Waterbury adopts new potty training policy for school district - WFSB 3 Connecticut

Waterbury adopts new potty training policy for school district

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The Waterbury Board of Education adopted a new potty training policy (WFSB) The Waterbury Board of Education adopted a new potty training policy (WFSB)

If you're a parent, you know getting your children potty trained isn't easy.

While it used to be necessary before kids headed off to school, a Connecticut school district says it will no longer be required for its littlest students.

On Wednesday night, Waterbury’s Board of Education unanimously adopted an updated policy for its pre-school programs, specifically being toilet trained is no longer a requirement.

No longer will 3 and 4 year old’s be denied admission to the city's preschool program if they are not toilet trained.

The old policy, which was in place since 2012, required every child to be toilet trained.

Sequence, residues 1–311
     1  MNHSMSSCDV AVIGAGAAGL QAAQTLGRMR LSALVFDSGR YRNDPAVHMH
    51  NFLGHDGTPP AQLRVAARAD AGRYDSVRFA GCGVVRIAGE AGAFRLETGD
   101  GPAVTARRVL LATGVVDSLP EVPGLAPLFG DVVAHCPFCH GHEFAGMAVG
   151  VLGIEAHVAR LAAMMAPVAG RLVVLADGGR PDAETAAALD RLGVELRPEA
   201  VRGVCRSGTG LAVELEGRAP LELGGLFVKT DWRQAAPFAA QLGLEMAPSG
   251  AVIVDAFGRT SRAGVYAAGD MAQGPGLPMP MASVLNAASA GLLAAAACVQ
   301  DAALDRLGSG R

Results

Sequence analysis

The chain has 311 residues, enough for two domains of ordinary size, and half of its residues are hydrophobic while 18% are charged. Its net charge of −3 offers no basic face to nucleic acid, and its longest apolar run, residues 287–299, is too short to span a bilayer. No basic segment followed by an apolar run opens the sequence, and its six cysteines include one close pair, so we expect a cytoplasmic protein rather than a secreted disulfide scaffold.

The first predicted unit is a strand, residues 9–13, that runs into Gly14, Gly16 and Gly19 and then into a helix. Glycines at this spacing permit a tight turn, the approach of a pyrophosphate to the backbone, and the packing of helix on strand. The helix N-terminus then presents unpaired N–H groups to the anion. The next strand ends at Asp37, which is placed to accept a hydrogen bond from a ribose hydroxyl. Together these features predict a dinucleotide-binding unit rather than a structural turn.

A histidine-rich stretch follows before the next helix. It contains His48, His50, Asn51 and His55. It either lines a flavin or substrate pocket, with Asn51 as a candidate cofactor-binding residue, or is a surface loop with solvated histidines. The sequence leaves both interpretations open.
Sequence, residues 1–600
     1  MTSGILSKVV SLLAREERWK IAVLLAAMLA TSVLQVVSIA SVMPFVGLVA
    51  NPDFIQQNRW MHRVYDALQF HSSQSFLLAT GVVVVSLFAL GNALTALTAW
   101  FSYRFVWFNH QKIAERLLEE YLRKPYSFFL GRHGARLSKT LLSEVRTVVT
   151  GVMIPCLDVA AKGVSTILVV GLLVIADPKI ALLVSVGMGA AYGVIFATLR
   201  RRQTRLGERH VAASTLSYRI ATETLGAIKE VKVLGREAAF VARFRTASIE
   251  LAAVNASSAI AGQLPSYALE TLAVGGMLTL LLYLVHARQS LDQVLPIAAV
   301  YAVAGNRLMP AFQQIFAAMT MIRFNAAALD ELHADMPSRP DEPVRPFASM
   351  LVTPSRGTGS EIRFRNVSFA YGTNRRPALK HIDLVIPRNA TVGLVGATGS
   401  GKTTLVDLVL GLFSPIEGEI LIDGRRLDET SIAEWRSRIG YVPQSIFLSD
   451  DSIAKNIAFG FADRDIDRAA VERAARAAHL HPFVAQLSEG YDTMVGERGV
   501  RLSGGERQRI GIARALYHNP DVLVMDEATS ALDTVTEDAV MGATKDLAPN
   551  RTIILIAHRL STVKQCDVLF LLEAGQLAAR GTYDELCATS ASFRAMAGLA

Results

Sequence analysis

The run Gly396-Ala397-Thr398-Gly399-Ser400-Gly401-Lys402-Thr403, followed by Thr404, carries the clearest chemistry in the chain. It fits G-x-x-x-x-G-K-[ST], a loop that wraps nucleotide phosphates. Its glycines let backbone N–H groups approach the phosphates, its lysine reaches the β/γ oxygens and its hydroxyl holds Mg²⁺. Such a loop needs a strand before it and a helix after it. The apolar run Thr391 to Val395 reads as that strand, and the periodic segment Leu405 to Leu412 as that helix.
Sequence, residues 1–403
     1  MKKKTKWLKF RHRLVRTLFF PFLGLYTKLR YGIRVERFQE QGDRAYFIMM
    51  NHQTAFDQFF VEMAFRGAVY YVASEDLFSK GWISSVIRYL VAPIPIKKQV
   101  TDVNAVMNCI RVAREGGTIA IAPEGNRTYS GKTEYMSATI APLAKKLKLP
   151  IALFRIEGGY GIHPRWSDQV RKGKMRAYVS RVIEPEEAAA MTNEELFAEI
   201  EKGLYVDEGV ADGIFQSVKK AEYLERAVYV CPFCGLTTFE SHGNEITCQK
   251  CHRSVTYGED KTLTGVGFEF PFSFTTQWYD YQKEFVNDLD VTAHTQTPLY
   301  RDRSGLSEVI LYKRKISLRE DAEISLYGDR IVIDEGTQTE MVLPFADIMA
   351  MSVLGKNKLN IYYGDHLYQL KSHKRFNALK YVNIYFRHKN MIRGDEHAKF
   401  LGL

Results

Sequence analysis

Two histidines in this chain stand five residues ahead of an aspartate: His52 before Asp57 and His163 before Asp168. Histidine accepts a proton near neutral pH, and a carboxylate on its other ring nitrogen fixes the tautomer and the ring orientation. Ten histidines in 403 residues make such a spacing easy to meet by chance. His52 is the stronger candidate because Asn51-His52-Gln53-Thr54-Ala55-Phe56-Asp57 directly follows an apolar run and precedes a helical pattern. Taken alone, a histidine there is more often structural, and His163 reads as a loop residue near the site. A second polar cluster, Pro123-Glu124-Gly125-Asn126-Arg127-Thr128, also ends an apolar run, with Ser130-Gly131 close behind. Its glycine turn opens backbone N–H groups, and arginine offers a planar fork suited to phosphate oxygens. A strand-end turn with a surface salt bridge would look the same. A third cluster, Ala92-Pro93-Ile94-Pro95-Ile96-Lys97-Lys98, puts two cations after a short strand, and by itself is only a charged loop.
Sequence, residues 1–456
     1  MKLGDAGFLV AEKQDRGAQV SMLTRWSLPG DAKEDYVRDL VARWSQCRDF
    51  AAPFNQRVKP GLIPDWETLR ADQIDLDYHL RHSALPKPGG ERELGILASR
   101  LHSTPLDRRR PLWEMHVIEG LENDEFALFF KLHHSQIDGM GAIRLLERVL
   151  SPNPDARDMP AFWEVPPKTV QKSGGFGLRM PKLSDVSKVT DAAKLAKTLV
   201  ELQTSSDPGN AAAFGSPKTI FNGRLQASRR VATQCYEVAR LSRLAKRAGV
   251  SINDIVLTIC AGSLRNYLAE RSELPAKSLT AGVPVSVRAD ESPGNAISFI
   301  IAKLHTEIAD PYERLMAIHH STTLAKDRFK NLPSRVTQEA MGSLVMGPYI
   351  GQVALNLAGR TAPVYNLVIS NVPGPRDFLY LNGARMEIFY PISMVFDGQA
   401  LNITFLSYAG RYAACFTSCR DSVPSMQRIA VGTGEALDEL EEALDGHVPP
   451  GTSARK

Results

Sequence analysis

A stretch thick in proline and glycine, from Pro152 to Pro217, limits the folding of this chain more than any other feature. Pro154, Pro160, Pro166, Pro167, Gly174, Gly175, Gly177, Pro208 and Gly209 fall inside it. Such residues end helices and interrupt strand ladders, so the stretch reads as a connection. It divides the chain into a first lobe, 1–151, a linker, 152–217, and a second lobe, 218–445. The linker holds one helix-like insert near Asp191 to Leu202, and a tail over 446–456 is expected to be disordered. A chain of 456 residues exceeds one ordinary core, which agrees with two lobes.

"The pre-k program is at the point in our city one of the most important cogs in a child's education. We need to get them off to a good start. The more children we get into the program, the better for their education system and toilet training is a developmental process, such as learning how to behave in a classroom, learning how to read,” said Bob Brenker, of the Waterbury School District.

There’s also another reason for the switch.

"There was a discussion with a person at the state who runs the School Readiness Program and the grant money that if Waterbury were not to allow these students into the program that they possibly could pull funding for the program,” Brenker said.

The district says the new policy allows them to serve more students, and right now just 32 of nearly 800 students in Waterbury’s Early Childhood Program are not toilet trained.

While children won't be denied admission - the policy states its expected children will arrive at the preschool program toilet trained, and for those that are not, a plan will be developed.

"I think it depends on the situation and how the children are brought up in the household and really if they're at that point or if they struggle,” said Chelsea Barsaleaux, of Waterbury.

The school district said under the new policy, the family will be responsible for the diapers and the wipes.

It will also need to negotiate with the unions representing teachers’ aides and paraprofessionals since those are the ones who the work will fall onto.

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